Thursday, December 20, 2012

Never alone

During my junior year of high school I was on the wrestling team. I had the bright idea that if I lost 15 pounds I could wrestle in the 145-lb. class and have a better chance of beating my opponents. So I practically starved myself for a few weeks, worked out in a rubber suit, and made weight - just barely - for our first big meet against our rivals from Woodruff High School. After weigh-in, I downed two Hershey chocolate bars for energy. I felt good. I knew I'd win. My opponent didn't look very strong. When it was time for my match, I strode confidently out on the mat and got in position.

It took about ten seconds to find out I had nothing to give.

I had no strength. Since I hadn't eaten for several weeks, I was Silly Putty in my opponent's hands. He threw me around like I was his little four-year old brother. All I could do is keep one of my shoulder blades off the mat. I managed to survive all three periods of the match, but the entire time I was on my back, trying not be pinned. When at last the ref's whistle signaled the end of the match, I was a goner. I could hardly stand up. I hobbled off the mat and dragged myself into the locker room, where I promptly threw up those two Hershey bars. I lay down on the locker room floor and prayed it had all been a bad dream.

And then I felt a hand on my shoulder, and heard a voice asking me if I was OK. I looked up, and saw my Dad.

Dad helped me off the floor and onto a table, where I lay for a long time trying to recover. Dad stayed by my side. He didn't say much, but I remember he told me he was proud of me. Then he helped me into the showers, where I sat under the comforting stream of hot water and cried. Dad waited on a bench. Then he helped me get dressed and walked with me back into the gym, where the wrestling meet had just ended. He stood by me while I faced my coach and teammates. He was there as everyone stared and a few chuckled. He walked with me out to the car and drove me home.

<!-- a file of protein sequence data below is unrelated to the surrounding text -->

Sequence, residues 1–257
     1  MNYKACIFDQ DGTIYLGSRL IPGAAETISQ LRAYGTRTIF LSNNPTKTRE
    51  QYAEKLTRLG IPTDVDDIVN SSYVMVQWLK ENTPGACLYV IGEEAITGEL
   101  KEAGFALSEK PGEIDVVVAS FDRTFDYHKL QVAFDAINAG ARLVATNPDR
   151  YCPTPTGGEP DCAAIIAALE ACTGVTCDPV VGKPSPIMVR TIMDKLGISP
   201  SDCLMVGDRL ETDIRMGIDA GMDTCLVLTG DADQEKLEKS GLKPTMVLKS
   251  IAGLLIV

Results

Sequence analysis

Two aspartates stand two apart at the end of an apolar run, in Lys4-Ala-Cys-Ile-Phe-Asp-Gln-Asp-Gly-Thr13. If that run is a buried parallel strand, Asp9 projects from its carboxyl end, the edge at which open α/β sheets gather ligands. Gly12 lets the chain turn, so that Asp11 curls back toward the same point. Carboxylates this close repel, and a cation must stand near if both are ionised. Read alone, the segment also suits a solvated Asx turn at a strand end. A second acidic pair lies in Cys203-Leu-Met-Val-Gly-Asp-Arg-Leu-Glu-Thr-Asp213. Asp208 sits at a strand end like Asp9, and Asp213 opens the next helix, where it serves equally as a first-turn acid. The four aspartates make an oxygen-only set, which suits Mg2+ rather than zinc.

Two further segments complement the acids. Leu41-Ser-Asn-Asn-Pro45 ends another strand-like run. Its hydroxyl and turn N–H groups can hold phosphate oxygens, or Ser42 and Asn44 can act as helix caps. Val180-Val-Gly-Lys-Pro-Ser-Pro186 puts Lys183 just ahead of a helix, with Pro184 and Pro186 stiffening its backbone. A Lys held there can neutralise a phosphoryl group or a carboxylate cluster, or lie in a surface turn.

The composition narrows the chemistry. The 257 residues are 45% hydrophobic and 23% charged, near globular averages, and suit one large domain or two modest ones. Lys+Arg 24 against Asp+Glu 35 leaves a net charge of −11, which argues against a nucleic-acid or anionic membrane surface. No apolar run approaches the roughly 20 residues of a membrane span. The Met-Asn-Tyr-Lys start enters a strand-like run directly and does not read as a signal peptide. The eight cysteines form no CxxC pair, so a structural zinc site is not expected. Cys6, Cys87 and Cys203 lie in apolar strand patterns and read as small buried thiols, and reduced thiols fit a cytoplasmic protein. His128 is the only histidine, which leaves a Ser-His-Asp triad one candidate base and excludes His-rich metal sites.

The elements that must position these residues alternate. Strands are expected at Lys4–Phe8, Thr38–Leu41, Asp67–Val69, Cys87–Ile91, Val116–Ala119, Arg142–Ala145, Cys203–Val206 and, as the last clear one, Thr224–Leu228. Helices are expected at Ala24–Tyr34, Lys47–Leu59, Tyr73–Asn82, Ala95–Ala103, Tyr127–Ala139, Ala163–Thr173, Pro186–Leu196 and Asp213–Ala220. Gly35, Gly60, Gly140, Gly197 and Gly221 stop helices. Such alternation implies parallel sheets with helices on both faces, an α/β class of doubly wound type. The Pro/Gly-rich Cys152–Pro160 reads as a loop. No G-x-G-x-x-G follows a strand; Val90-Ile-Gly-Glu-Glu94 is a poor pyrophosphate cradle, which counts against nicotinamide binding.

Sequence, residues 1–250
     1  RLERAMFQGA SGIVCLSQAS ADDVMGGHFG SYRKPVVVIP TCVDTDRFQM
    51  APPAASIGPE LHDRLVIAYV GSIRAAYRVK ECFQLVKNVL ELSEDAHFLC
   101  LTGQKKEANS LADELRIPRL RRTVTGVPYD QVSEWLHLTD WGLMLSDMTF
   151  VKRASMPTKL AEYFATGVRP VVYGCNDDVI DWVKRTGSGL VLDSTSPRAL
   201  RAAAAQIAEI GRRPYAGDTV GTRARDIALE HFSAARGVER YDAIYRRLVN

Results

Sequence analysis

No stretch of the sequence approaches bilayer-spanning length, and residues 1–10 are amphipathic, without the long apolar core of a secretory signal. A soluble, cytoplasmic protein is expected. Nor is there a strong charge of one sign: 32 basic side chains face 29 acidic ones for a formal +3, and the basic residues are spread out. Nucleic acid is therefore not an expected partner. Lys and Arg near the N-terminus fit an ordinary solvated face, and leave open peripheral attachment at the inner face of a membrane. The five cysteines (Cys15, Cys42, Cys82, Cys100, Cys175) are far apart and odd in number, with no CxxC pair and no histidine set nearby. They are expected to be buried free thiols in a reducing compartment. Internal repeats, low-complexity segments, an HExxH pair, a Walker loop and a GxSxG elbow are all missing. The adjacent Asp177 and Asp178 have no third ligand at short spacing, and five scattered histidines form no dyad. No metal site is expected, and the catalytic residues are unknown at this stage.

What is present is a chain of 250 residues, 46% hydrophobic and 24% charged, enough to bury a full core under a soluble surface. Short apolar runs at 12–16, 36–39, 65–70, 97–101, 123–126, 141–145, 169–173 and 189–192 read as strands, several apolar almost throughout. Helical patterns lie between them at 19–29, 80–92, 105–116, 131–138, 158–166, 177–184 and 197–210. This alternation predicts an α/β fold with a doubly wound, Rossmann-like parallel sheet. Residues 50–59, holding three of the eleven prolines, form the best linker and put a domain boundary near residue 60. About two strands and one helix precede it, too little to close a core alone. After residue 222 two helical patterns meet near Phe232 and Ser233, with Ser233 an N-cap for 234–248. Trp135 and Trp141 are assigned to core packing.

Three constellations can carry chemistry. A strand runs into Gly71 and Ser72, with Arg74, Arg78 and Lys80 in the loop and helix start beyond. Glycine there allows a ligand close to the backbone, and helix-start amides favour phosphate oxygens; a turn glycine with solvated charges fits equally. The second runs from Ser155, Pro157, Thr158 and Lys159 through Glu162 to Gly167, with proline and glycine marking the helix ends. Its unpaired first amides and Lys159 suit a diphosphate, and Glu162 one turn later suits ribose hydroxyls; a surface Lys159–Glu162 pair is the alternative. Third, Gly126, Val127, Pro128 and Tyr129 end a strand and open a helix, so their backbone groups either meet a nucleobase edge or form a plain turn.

It was a humiliating night. But Dad was there the whole time. He was for me. He was with me. I was not alone.

Through the years, that experience has been a reminder to me of God's promise to be with us no matter what. And that's what Christmas is all about - God with us. Jesus Christ, the second Person of the Trinity, left heaven and came into our world of sin, misery, failure, and shame to be our Rescuer. As theologians put it, Christ left his pre-incarnate state and entered a state of humiliation. He chose squalor for his birthplace, a disreputable village as his hometown, and a couple of poor unknowns to be his parents. He quickly became familiar with suffering and acquainted with grief. He was tempted in every way, just as we are. He was a friend of sinners and tax collectors, but he hung out with anyone willing to listen. He showed the world what God was like. And then, three years into his ministry, he was arrested, tried, condemned, and crucified. It was God's way of taking the blame and paying the price for our sin. Three days after he died, Jesus rose again, ascended to heaven, and sent his Spirit to live inside us.

And he has never left us, not for a minute. He's lived up to his name - "Immanuel," God with us.

No matter who you are, what you've done, how you've failed, or where you've run, if you've put your trust in Jesus Christ you can know he is with you all the time. You are never alone. The One born in the manger of Bethlehem also died on a cross outside Jerusalem. And if he did that, you can count on it that he will never leave you or forsake you.

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